Most Americans spend the 4th of July weekend swimming, BBQing, and enjoying fireworks. It’s a great time to catch up with family and friends and celebrate our great country.
Unfortunately, this holiday also brings more trips to the ER than most other days of the year. Between traffic accidents, firework disasters, and grilling mishaps, there are many ways to get hurt during the 4th of July celebrations.
Luckily, there are some simple steps you can take to ensure a fun and safe weekend.
- Follow the local firework laws. Fireworks that leave the ground are illegal in all of Colorado, but each county has its own guidelines for other types of firecrackers. 9 News lists the laws and regulations for each county for the summer of 2021.
- Keep kids clear of any area where fireworks are being lit. Kids can run up at the last minute, so make sure there’s an adult in charge of any kids nearby.
- Dress Safely. Wear close toed shoes and consider eye and ear protection.
- Don’t shoot anything towards cars, houses, plants or people. Be careful not to damage any property or injure anyone. Colorado has a very dry climate, so if a firework hits a tree or a patch of grass a fire can spread quickly. Soaking nearby trees or bushes before lighting any fireworks can help avoid a fire.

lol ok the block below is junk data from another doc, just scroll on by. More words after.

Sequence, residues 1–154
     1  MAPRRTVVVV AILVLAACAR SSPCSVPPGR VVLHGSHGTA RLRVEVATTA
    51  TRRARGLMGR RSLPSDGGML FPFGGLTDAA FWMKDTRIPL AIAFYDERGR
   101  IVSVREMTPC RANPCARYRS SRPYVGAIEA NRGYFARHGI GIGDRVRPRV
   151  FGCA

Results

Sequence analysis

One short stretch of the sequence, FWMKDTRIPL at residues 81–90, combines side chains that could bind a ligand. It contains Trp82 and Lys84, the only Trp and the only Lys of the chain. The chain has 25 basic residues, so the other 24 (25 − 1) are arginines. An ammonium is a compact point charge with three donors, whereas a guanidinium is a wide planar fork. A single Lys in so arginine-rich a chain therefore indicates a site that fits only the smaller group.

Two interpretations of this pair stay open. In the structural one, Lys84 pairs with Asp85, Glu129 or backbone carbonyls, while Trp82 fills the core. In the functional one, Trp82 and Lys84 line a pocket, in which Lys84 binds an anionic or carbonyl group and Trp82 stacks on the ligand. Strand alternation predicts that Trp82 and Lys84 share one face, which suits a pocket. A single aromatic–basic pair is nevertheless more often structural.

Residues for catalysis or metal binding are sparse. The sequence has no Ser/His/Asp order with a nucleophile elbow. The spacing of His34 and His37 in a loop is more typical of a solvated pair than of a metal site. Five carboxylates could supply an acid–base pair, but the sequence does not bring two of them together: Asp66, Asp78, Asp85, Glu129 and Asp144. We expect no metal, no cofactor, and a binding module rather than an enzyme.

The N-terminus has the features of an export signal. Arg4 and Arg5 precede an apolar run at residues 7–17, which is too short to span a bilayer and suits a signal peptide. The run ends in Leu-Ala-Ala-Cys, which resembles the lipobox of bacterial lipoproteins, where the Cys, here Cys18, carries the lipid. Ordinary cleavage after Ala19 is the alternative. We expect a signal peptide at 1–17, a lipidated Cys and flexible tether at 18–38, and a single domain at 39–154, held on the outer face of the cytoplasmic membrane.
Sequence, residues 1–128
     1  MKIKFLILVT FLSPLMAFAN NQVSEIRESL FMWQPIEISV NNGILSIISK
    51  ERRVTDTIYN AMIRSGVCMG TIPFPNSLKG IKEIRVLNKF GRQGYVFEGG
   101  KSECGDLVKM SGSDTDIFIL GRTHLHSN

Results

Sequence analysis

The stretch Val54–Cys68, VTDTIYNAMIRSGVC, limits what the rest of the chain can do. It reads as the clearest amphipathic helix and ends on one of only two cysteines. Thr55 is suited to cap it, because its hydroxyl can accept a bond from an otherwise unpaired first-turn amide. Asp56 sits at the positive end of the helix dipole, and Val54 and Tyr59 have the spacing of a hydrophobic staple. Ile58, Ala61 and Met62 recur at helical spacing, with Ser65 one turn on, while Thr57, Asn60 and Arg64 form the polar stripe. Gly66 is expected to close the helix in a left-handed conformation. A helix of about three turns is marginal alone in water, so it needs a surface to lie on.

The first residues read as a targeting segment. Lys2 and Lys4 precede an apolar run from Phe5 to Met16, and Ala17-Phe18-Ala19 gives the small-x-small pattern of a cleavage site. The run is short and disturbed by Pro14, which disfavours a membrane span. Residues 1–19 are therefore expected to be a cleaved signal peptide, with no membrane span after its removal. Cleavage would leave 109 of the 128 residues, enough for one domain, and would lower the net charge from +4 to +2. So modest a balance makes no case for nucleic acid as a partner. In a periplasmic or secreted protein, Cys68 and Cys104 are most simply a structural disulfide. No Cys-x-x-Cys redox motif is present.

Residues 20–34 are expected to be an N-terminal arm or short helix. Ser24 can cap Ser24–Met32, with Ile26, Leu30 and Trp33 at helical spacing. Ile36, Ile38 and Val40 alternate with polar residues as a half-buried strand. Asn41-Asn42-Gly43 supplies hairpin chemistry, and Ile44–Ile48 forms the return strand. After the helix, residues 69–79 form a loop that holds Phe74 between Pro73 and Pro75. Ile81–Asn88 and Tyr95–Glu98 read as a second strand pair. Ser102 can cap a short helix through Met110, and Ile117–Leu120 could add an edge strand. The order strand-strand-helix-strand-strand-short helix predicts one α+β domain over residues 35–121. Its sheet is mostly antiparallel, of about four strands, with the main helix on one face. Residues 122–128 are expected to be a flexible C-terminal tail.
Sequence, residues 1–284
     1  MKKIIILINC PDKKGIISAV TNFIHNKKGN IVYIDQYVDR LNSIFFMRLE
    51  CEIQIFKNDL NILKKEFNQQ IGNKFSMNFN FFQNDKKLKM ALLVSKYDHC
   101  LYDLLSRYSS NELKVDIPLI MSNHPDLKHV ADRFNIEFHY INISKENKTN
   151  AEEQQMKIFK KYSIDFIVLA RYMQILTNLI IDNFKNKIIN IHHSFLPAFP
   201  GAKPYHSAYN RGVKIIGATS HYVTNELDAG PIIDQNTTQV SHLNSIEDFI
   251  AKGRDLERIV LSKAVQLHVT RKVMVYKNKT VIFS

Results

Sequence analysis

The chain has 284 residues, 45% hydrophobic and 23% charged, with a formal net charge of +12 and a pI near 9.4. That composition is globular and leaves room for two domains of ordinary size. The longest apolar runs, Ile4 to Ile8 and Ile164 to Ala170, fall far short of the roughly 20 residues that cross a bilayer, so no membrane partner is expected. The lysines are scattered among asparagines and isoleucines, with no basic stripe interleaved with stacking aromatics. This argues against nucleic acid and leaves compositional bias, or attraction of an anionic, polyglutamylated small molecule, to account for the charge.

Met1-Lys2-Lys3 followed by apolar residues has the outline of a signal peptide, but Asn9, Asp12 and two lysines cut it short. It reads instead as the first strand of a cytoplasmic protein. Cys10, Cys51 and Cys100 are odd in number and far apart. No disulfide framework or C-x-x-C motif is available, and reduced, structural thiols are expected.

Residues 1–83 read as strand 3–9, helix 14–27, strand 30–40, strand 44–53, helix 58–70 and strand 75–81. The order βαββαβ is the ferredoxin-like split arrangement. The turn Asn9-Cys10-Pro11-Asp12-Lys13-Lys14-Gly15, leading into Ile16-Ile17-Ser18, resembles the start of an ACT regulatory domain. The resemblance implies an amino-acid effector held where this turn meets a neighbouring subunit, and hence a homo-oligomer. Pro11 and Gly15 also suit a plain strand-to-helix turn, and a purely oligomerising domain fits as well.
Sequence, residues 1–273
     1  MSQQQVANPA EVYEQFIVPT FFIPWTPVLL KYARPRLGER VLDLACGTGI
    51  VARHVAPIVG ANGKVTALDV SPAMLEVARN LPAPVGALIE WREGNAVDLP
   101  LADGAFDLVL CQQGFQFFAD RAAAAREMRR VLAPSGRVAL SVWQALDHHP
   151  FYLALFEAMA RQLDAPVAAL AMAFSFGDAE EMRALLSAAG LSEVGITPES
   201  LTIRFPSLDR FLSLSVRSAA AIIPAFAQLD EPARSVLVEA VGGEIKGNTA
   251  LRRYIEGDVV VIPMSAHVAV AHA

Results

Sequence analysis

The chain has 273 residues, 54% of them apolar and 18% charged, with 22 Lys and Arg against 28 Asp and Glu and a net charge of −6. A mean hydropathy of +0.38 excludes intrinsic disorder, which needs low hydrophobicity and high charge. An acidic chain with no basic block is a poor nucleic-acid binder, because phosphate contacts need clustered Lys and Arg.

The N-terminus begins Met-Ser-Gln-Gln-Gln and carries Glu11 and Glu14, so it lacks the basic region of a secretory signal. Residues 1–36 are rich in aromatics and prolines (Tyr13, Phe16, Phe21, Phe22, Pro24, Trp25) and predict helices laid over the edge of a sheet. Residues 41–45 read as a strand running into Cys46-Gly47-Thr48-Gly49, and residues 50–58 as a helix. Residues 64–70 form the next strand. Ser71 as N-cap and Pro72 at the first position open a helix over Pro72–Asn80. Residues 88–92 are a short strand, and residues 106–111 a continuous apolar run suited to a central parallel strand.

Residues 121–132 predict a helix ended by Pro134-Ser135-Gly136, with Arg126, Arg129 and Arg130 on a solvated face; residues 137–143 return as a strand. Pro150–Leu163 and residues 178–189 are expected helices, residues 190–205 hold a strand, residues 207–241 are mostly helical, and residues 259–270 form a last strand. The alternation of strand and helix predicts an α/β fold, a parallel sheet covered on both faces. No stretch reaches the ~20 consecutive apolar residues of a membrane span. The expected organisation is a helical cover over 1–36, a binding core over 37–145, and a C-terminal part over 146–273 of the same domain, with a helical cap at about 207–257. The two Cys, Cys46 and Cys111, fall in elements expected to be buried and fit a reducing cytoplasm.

- Have water handy. Keeping a fire hose or a bucket of water nearby can prevent an accidental fire.
- Keep your pets in a safe place. Many dogs get really anxious on the 4th of July and are more likely to escape. If you think your dog may get nervous about fireworks, consult your vet about the best way to help them.
- Make sure someone is watching the grill. Avoid a potential fire by keeping a close eye on the grill while it’s on, and keep kids away from the hot surface.
- Clean your grill before the BBQ. Built-up grease can cause a fire that could quickly spread to your house.
- Keep your grill a safe distance from your house or fence. The National Fire Protection Association recommends keeping grills at least 10 feet from any structure.
- Check the temperature of food. Use a meat thermometer to make sure all food is fully cooked before you serve it to your guests. You could find yourself on the other end of a lawsuit if you give everyone food poisoning.
- Don’t let your guests drink and drive. Encourage a designated driver, Uber/Lyft, or let people spend the night if drinking will be involved. The 4th of July weekend is notorious for increased drinking and driving accidents. Do your part to keep the roads and your friends safe.
- Consider the weather conditions before deciding to swim. Some conditions can create undercurrents that can increase the risk of drowning.
- Don’t leave kids unattended. Looking away for even a minute could lead to a terrible accident. Floaties and life jackets can help keep kids safe, but there still needs to be an adult watching at all times.
- Avoid drinking while swimming. Your reflexes can be dulled from alcohol consumption and may increase the risk of injury.
- Don’t dive until you check the depth of the water. Always go feet first unless you’re sure you won’t hit your head.
- Try not to swallow the water. There can be harmful bacteria that can cause illness.
- If you’re taking a boat out, watch for swimmers and other watercraft. Keep life jackets on board and encourage your passengers to wear them in case of an accident.
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